When it comes to the youth (13-15 years), Timor-Leste boasts of the highest smokeless tobacco use at 42% as well as the highest prevalence of tobacco smoking at 35%.
Tobacco industry interference is alarmingly high
Tobacco industry interference is high, with 3 big transnational tobacco companies- Philip Morris International (PMI), British American Tobacco (BAT) and Japan Tobacco International (JTI) – dominating the southeast Asia region. Bangladesh, Indonesia and India have high tobacco industry interference in policy development. Their tobacco industry interference index (on a scale of 100) is 83, 79 and 72, respectively.
The tobacco industry’s dominance and interference under the garb of their corporate social responsibility (CSR) activities, and governments’ involvement with the industry through owning their shares and nominating key government officials to hold positions in tobacco companies through the revolving door policy, hinder the proper implementation of tobacco control measures, had said Barrister Shameem Haider Patwary, the firebrand Member of Parliament (MP) from Bangladesh, who was speaking as faculty in Johns Hopkins School of Public Health’s South Asia Leadership Course on Tobacco Control. He called for a very strong political leadership, high political commitment, adequate resource allocation and a holistic approach at national, regional and global levels for effective tobacco control initiatives in this region.
Dr Tara Singh Bam, Asia Pacific Regional Director of The International Union Against Tuberculosis and Lung Disease (The Union) said to CNS (Citizen News Service): “Tobacco industry tactics to thwart, dilute and delay implementation of tobacco control measures can be countered by building a team that goes beyond the health sector and involves academia, media, teachers, politicians, lawyers, social volunteers. It has to be teamwork. We have to be persistent in our efforts through sustained engagement with governments to make them accountable so that they in turn make the industry accountable. We have to build local leadership to support tobacco control efforts at the national and regional level.”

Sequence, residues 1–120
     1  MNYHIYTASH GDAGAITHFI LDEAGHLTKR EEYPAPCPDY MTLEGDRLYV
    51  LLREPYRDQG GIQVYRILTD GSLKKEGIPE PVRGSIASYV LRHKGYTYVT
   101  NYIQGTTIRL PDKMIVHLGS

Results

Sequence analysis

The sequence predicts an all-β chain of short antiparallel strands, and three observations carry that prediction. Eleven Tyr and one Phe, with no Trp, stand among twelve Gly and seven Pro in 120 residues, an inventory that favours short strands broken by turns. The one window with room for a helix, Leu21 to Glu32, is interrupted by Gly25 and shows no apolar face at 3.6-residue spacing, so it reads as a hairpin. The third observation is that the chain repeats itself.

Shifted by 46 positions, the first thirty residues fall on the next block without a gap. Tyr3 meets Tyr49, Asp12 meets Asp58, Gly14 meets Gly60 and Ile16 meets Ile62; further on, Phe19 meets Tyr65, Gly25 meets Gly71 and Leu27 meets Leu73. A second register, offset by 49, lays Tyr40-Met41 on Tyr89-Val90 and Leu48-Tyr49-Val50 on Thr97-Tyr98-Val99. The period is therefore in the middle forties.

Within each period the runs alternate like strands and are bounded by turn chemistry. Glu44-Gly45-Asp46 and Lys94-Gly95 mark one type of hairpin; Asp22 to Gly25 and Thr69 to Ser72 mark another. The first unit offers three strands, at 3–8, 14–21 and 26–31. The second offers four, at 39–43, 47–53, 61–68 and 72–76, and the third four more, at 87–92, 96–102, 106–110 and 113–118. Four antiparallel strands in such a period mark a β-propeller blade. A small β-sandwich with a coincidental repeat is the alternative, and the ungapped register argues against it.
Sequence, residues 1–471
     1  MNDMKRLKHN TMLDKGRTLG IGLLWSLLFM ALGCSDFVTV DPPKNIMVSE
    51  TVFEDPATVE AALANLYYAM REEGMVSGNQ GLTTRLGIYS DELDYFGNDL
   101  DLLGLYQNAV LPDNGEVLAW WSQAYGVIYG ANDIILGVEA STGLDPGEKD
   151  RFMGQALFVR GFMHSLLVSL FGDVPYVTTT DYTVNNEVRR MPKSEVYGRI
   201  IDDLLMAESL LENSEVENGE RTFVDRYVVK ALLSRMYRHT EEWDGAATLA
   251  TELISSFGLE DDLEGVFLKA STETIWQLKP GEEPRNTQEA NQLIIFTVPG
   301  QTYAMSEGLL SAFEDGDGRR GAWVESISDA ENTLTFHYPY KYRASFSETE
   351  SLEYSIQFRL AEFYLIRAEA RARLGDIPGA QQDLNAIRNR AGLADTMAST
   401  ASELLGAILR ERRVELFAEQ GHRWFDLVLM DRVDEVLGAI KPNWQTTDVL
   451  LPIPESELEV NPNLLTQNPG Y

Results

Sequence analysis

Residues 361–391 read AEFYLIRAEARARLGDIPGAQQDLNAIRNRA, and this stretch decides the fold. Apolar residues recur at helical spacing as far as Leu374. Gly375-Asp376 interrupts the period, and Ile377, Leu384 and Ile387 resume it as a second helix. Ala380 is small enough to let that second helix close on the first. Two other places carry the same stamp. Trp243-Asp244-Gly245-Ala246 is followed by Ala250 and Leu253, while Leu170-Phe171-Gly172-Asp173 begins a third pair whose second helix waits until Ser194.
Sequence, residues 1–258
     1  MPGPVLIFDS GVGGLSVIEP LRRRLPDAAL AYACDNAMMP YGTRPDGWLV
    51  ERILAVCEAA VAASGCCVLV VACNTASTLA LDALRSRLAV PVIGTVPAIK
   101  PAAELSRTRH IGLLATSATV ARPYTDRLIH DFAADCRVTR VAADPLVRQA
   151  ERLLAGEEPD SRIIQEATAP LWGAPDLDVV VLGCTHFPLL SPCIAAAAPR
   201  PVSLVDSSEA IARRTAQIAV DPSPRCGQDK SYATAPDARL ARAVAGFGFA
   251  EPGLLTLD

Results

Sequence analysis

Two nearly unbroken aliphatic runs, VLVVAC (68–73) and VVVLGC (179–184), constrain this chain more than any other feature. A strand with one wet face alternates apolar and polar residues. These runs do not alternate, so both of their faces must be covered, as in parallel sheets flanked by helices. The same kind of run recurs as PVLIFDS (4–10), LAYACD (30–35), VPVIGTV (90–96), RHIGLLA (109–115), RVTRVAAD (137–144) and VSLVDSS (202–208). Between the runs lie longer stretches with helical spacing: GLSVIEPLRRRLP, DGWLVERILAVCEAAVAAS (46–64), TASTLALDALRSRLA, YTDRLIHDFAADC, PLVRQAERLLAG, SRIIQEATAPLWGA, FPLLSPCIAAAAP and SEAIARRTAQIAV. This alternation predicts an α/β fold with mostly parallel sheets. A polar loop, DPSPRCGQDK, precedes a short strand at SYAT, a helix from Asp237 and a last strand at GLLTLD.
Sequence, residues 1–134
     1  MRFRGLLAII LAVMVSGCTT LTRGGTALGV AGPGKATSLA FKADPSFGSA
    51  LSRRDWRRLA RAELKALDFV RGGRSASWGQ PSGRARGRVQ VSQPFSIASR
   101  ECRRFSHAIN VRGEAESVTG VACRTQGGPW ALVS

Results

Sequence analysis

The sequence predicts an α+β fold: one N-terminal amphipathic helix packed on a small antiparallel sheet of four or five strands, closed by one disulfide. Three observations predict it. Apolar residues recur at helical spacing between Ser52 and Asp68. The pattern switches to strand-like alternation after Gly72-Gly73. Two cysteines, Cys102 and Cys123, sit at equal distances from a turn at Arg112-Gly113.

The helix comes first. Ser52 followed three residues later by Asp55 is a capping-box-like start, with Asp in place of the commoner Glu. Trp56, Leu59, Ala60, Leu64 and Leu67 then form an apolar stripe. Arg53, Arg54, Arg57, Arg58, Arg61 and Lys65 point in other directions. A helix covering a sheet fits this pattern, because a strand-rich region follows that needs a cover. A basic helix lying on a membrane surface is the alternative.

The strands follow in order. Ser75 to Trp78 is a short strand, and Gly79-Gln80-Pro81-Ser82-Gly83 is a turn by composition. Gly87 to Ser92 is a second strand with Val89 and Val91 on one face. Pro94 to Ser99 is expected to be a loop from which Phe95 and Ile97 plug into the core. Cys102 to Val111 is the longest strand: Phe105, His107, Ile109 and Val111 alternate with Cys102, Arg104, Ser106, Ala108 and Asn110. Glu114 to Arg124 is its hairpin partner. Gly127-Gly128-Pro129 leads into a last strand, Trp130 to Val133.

Good practices are there but scale up too slow
However, there are some good practice examples too. There is a ban on tobacco advertising in all countries of the region and all countries, except Indonesia, have banned smoking in public places. Nepal, Maldives and Thailand have banned advertising, promotion and CSR activities of tobacco companies.
E-cigarettes are banned in 6 out of 11 countries in the Southeast Asia region- Bhutan, India, Nepal, Sri Lanka, Thailand and Timor-Leste. Thailand imposes a very high tax of 78.6% on cigarettes.
Some countries have also made good progress in implementing larger pictorial/graphic health warnings (PHW) on tobacco products, which is an evidence-backed effective measure to reduce tobacco use. Timor Leste has enforced the largest PWH (92.5%) on tobacco packs, followed closely by Nepal (90%), Maldives (90%), India (85%) and Thailand (85%).
Nandita Murukutla, Vice President of Research at Vital Strategies, calls for increasing tobacco taxes as they can drive down smoking rates, deter initiation among youth, and generate revenue that can pay for other health interventions. She cites graphic pack warnings and plain packaging as other proven high-impact, low-cost interventions, and insists on investing more in media as media campaigns can reshape social norms and drive millions to quit.
Tobacco not only damages the health of people but also destroys our environment, through the cultivation, production, distribution, consumption, and post-consumer waste of tobacco products.
Keeping this in mind, the theme of World No Tobacco Day 2022 is “Tobacco: Threat to our environment”. It aims to raise awareness among the public on the environmental impact of tobacco and to expose efforts by tobacco companies to “greenwash” their reputation by marketing themselves as environmentally friendly.
This global campaign calls for reducing tobacco consumption as a key lever for achieving all of the Sustainable Development Goals and not just those directly related to health.
Shobha Shukla – CNS (Citizen News Service)